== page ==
precursor, Newfoundland Hydro , for many years, was a quiet Crown
Corporation responsibly meeting the Province’s electricity needs. It never tried
the movie business. Management, then, were serious folk, eschewing glamour for
its own sake.
came Danny Williams.
he had struck it rich in the ’regulated’ world of cable television. The experience had left him marked with the
magic of guaranteed returns. On the
public stage, he demanded a script suggesting that such profits could easily be
replicated, by public servants, applying the leverage of taxpayers’ money. That’s the problem with ‘showbiz’; it’s hard
to distinguish fact from fiction.
In the Government’s
2007 Energy Plan, Williams’ was given such a Script. It described Newfoundland and Labrador as a
‘vast energy warehouse’
“hydro assets oil, gas, hydro, wind and other energy sources” could be
developed and managed “for the benefit and long term self-reliance of
Newfoundlanders and Labradorians”. All
could be sold, it boasted, bringing the Province new sources of wealth.
found, not just a script writer but an actor, too. Ed Martin counted no Blockbusters of his own. He was doing middle level desk work at Petro
Canada. Though he was touted, by the former Premier, it was lost on no one that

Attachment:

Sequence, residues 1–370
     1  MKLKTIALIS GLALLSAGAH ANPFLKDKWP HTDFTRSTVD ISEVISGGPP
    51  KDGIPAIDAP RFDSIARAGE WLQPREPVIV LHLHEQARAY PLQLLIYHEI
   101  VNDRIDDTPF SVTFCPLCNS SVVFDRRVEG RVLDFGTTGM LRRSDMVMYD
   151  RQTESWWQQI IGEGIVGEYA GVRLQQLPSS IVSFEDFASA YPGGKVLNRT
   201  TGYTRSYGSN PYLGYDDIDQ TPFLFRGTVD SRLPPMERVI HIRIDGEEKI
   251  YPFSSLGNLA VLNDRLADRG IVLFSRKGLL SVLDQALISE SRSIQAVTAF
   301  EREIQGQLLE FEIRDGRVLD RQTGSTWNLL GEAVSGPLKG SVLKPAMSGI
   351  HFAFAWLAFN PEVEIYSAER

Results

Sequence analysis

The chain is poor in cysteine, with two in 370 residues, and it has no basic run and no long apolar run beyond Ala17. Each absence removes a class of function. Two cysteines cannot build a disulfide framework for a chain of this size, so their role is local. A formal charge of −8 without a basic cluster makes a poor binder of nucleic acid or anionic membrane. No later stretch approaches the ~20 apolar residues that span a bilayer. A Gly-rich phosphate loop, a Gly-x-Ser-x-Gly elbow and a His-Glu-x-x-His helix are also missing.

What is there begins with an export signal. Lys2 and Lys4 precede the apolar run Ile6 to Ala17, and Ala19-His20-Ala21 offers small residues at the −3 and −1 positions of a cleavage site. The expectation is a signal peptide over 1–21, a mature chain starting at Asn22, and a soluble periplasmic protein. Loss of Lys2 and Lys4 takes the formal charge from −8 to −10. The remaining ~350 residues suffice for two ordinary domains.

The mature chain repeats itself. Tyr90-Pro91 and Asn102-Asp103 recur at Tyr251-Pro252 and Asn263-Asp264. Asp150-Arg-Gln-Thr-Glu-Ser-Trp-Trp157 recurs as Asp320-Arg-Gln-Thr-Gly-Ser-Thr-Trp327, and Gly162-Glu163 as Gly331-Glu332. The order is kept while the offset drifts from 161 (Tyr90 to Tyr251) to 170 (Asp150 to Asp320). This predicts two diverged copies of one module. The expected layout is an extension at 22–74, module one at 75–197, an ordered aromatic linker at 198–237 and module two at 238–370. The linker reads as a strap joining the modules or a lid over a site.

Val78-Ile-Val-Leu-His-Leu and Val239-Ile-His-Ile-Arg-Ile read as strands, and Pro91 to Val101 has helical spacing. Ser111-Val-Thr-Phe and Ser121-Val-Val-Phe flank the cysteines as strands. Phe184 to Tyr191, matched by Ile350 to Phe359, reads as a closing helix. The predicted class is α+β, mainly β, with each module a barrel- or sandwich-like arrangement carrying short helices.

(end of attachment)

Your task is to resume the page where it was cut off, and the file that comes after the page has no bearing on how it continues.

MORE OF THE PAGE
he had not reached even the level of a Vice-President. He had never managed a construction project
either, large or small, and that fact, together with a fondness for the big
screen, would remain a deep dark secret.
Now you understand the real purpose of Bill 29.
would care? In the world of ‘showbiz’,
actors need only…well, act! Ed can
surely do that. And, even if he can’t,
at least, in the movies, a script writer, good or bad, can always guarantee a happy
high-strung, Movie Director can be.
the swagger of one deemed so successful, Danny brooked no reviews or criticism. Adulation would be a singularly acceptable
accompaniment to glamour. Anyway, his adoring
fans, and there were many, demanded no detail of his energy script, how much it
cost or the risks involved.
great academician and economist, Dr. Wade Locke, one whose field of study
prepared him well for the deceptive arts, was brought onto the ‘Set’ to give Danny’s
Muskrat project an air of authenticity.